One point that you didn't mention was the scale of the operation: how many customers are they likely to have in the US, or how many sales are they likely to make there.
This is important. If the operation - and the potential market - is of any reasonable size, by far the best approach would be to find a US-based distributor, that is, a company with a physcial presence in the US, and with a knowledge of US logistics, taxation, consumer legislation, and all the other essential stuff like that. The firm in question would be responsible for marketing the product, including setting the prices. They would order the goods in bulk from your client.
But if this is a small operation, or your client is just starting out, then I would agree with Greg. Advertise the products from the client's own site, and make it clear that you will deliver to customers in the US. Make that part of the site US-friendly, for example by pricing in US dollars, and quoting US sizes. In fact, you could go one step further and have a dedicated US sub-domain.
What I would not do is waste time with the likes of Amazon Marketplace - and certainly not eBay. These are not platforms for serious professional companies.
force — 2013-01-28T19:07:09-05:00 — #6
From what I understand from some of my European friends, clothing tends to be quite expensive.
Is the clothing that you want to be sold in the US better quality or a cheaper price?
If it's not one or the other, it might have trouble catching on.
sega — 2013-01-29T00:44:43-05:00 — #7
Sorry for the late reply, last day in CY and getting ready to fly back to (hopefully) snowy England.
Truthfully speaking I did buy my computer from the US and likewise with all my peripherals. You seam to have more purchasing power there. I am not sure on the prices. They are cheaper than what you would pay in Europe, but in comparison to the US market I have no idea. You won't be paying for a brand but for quality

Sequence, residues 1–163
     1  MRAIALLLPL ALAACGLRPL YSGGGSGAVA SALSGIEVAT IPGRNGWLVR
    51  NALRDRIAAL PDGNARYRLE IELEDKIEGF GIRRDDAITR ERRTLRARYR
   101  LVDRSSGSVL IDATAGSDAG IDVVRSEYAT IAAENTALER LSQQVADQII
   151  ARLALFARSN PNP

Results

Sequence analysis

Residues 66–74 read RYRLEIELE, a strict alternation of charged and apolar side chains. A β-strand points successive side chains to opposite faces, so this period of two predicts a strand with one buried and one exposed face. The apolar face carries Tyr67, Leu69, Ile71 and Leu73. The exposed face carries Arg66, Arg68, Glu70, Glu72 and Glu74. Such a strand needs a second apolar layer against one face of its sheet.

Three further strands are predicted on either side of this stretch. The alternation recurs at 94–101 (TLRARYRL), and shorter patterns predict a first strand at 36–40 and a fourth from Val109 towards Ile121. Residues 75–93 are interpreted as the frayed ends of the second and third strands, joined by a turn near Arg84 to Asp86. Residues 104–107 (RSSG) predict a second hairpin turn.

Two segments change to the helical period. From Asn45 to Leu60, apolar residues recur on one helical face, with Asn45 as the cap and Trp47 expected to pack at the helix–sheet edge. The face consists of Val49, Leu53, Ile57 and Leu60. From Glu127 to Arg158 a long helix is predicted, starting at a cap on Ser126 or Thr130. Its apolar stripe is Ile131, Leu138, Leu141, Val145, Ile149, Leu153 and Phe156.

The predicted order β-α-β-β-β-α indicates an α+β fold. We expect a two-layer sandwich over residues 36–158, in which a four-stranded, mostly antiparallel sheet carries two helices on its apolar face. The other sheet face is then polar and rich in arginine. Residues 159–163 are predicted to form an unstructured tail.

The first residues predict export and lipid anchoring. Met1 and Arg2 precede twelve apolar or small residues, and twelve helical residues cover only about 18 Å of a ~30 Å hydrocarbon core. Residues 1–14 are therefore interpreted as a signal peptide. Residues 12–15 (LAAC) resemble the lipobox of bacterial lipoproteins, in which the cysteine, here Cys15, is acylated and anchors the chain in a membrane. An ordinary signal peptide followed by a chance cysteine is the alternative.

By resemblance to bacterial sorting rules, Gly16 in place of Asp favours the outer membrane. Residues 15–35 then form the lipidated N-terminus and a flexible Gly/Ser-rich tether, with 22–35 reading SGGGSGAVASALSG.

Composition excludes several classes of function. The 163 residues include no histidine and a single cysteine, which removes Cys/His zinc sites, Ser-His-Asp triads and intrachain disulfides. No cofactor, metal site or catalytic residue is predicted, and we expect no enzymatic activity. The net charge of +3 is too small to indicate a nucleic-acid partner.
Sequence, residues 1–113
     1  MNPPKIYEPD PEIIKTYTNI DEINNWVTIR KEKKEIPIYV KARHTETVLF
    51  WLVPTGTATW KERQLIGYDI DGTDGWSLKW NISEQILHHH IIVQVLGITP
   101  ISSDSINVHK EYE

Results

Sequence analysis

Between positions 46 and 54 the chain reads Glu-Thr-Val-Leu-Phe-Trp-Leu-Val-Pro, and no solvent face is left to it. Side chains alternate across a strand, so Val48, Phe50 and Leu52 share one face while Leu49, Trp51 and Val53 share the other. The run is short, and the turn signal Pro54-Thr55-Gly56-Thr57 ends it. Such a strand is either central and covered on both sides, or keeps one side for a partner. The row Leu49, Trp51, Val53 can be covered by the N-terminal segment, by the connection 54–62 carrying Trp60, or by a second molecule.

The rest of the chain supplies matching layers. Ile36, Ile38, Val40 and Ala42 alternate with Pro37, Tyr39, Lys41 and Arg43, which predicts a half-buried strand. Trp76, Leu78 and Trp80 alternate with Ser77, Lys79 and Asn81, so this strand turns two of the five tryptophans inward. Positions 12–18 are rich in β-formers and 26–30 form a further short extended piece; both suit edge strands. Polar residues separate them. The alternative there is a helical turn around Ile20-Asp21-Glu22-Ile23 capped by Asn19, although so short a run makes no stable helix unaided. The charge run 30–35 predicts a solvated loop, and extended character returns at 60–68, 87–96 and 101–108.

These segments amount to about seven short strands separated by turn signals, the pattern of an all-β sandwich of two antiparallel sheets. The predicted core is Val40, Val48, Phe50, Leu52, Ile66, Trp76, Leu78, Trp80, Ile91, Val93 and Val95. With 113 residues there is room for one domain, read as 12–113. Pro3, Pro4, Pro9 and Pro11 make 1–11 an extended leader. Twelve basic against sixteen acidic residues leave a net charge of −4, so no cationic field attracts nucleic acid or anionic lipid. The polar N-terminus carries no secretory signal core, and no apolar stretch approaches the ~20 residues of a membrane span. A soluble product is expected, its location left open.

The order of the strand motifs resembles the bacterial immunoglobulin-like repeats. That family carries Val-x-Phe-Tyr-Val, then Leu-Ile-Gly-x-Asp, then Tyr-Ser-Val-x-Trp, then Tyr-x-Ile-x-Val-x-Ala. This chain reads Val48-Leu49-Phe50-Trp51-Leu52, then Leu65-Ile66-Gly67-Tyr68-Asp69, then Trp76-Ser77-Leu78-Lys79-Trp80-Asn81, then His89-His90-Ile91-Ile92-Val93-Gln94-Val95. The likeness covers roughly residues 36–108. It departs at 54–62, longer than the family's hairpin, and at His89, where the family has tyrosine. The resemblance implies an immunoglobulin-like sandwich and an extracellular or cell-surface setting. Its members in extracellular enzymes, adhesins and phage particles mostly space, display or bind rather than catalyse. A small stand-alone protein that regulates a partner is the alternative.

I am guessing not many US customers. I was really looking at having the potential there, but not necesserily needing those customers. As long as people can buy then it would help business, or so I thought.
The reason I suggested Amazon is that putting your products there get's advertised automatically on their website and get's the exposure for you to get sales. Having your own website would involve going down the path of Google advertising and spending money without knowing who will buy. From what I understand Amazon can start selling the products themselves, which arises as one of the dangers of selling their. If you manufacture the product however, this should not be an issue.
I know you did not want to speak about the dangers of selling on Amazon. I have done preliminary research and there are many dangers there just like there are dangers with all things. It's whether those dangers will get the client money. Amazon feed themselves, and their products are in direct competition with their authorised sellers. It sounds like a conflict of interest. As I have already mentioned, if you manufacture those products then the risk should be less, as they would need to buy those products from you (the supplier). I am not sure how low Amazon would go, if they would start to manufacture their own products to undercut somebody, but if this was the case nobody would ever sell there.